Flat weave Wagireh
Wagirehs were used also for kilims. Here is an example from Sabahi’s book (pages 59-59) showing a Senneh kilim, beginning of 20th.
The bunch of flowers around the medallion are the so-called “gol farangh” or roses of France, imitated from European models.
Southeast Asian Sampler
Dear folks -
Turkotek tries to take a pretty steady non-commercial stance but every once in awhile we encounter a situation that suggests that at least a partial breaking of our usual rule in this area is in order.
Flatwoven samplers seem less frequent and when I contacted Marla Mallett inviting her to participate in this salon she responded saying that she is currently in Turkey with very limited internet access and will say more when she returns in a few days.
In our brief conversation, she indicated that she currently has a southeast Asian sampler up on her site. We have made a studied decision to show it to you.
It is this piece:
Note: I replaced the link to a page on Marla's site with a link to the image itself, on our server, since the page will disappear from her site sooner or later, and we want the image to be in this message when it's archived.
Marla said that it is for the purpose of preserving designs.
We need to restrict most conversation about this piece, but felt that it was useful for you to see it.
R. John Howe
Marla's comment, that it is for the purpose of preserving designs, seems odd to me. Textiles including these designs are fairly abundant, so it seems unlikely that the designs need to be preserved by creating samplers that include them. I know she's out of range at the moment, but I hope she will comment on this when she returns.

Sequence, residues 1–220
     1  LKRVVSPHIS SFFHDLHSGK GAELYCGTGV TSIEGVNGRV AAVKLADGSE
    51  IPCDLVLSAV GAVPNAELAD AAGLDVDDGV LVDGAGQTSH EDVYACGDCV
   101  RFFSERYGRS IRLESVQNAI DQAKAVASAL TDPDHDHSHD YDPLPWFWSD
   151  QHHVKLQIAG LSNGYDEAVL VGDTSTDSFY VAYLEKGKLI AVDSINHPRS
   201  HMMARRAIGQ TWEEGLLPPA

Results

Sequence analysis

I made the morning's post from another location without looking at what Marla actually said in her email to me.
Turns out it's a little different than what I attributed to her.
Her own words were:
"...It's a sampler of brocade designs for weaver's reference."
Sorry if this made a lot of difference.
R. John Howe
Sure. It makes sense this way; that's one of the two main functions of wagireh (one is for the client to look at and make selections, the other is for the weaver's reference as she works or plans).
Thai or Lao sampler
The sampler picece posted looks like one I saw in Thailand that was produced
by one of the Queen's workshops at Goldsmith College to preserve patterns. Both
in Thailand and Laos there are many symbols that belonged to different groups
and geographical regions. With the advent of easy travel those symbols have
been carried by photos and material to different regions and weavers have picked
up the patterns to interpret themselves. When I traveled up north near the Sam
Neau I met many textile vendors that were bringing in stored pattern devices
and materials to the weavers. The weavers reproduced what the vendor gave them
and he brought them back to the main market in Vientiane.
I studied in Laos with silk weavers and many of them have smaller samplers like this with their symbols. When questioned about the source they came from their families and from other source textiles. Both the Thai and the Lao are working to preserve their heritage pieces and the
associated symbols within them.